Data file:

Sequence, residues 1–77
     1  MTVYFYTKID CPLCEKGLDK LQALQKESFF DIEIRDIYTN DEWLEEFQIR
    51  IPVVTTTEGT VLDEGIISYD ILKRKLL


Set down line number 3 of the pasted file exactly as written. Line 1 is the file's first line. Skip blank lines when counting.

    51  IPVVTTTEGT VLDEGIISYD ILKRKLL